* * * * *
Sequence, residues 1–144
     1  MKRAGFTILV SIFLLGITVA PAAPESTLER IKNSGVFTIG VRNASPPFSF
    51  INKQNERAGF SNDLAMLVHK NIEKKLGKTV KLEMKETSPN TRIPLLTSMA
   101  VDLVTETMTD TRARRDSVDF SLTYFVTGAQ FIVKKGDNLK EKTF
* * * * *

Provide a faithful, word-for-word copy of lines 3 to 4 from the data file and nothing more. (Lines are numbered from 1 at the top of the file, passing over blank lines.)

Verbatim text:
    51  INKQNERAGF SNDLAMLVHK NIEKKLGKTV KLEMKETSPN TRIPLLTSMA
   101  VDLVTETMTD TRARRDSVDF SLTYFVTGAQ FIVKKGDNLK EKTF